This year's Māori Language Week will run from the 11th to 17th of September.
The week designated for celebrating all things te reo Māori has been celebrated since 1975 and this year moved to September from mid-year to increase the chances of good weather for outdoor activities and to renew the link with Māori Language Day.
September 14th marks the day in 1972 that the Māori Language Petition was delivered to parliament.
The petition, initiated by activist group Nga Tamatoa and containing over 30,000 signatures, paved the way for Māori language to be taught in schools.
Te Taura Whiri i te Reo Māori (the Māori Language Commission) promotes Māori Language Week but the organisation notes that many celebrations happen without their direct involvement as New Zealanders increasingly take up the cause of revitalising te reo Māori.
Parades: Te Taura Whiri i te Reo Māori – the Māori Language Commission is organising an exciting event on Monday 11 September in Wellington City – a parade even bigger than last year’s hugely successful celebration of te reo Māori. Schools, kōhanga, Māori and other organisations and members of the public are all welcome, and thousands have registered to take part. The Parade starts by Wellington’s cenotaph at 11am and goes to Civic Square.
Te Rito Maioha Early Childhood New Zealand is organising our parades, celebrations, walks for Te Wiki o te reo Māori in Hamilton and Whangarei. Contact 0800 Childcare 0800 2445322 for details in your area.
Te Pūtakenga o Ngā Taonga Kōrero: Ngā Taonga Sound & Vision will launch the first of four new online exhibitions -Te Pūtaketanga o Ngā Taonga Kōrero, showcasing the many outstanding examples of oratory and Māori performing arts in the Ngā Taonga Kōrero collection – the archive of RNZ’s Māori radio programmes. For the first exhibition Ngā Taonga has chosen the oldest recorded Māori broadcast – of the opening of Tūrongo House, Tūrangawaewae marae, Ngāruawāhia, in March 1938.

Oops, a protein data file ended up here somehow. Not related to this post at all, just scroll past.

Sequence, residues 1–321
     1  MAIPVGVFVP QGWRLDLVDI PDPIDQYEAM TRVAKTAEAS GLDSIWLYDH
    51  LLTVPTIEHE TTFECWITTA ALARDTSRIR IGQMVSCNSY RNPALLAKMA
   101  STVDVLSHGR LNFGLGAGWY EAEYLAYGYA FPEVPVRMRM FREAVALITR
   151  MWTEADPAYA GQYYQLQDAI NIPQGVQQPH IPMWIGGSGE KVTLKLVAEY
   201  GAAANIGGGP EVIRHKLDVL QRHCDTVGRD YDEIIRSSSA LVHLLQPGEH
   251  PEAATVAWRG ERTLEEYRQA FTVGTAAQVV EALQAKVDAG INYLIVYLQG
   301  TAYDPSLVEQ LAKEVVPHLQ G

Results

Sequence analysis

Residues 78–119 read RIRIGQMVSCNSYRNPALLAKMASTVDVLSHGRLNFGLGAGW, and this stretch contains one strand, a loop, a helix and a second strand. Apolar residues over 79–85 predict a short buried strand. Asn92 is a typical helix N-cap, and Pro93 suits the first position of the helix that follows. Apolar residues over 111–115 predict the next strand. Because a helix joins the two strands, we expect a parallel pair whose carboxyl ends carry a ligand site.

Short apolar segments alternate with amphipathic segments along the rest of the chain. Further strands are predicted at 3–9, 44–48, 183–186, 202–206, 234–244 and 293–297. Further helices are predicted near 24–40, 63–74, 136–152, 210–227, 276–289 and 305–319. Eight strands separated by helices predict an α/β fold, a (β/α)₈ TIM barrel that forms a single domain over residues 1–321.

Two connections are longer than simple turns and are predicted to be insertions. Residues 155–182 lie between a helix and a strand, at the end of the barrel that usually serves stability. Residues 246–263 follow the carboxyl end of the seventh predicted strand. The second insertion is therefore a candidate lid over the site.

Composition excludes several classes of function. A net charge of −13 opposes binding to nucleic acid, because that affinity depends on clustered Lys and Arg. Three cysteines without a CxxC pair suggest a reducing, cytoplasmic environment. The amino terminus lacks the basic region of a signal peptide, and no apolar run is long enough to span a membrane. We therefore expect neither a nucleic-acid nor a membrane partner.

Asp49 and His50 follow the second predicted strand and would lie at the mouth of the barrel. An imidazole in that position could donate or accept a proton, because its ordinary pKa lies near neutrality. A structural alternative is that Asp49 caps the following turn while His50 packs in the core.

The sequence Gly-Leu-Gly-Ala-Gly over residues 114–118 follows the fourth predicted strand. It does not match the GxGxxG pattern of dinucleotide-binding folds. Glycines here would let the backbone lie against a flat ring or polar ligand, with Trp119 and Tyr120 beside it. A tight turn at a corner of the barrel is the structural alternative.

Stamps: New Zealand Post has launched a new stamp issue and adopted a te reo Māori name, Tukurau Aotearoa, to mark Māori Language Week. The stamps, in PostShops now, feature Māori words of the modern world like rorohiko (computer) and ahokore (wifi).
Māori at home: Stacey Morrison and Scotty Morrison have released a book called Māori at Home as a "survival guide" for those introducing te reo Māori into the household. It covers key topics like mahi ā-kāinga [chores], hei mua i te kura [before school] and kīwaha [idiomatic speech].
Ambassadors: Four prominent New Zealanders have taken up roles as Te Wiki o te Reo Māori ambassadors and will feature at events and online promoting te reo Māori as a language for everyone, everywhere. They are Stacey Morrison, who will be MC at the Māori Language Parade, television presenter Jack Tame, theatre, film and television actor and director Jennifer Ward Lealand, and Portia Woodman, just returned victoriously from the Women’s Rugby World Cup.
Moana: Disney will release the Māori language version of the movie Moana in theatres around the country. This release marks the expansion of the Māori language into a new domain. The movie is not subtitled, recognising the growing number of young people able to use the Māori language. One of those young people is the voice of Māori Moana, Jaedyn Randell of Ngāti Paoa and Ngāti Whawhākia of Tainui. She joins the Māori voice of Māui: Māori television news anchor, Piripi Taylor.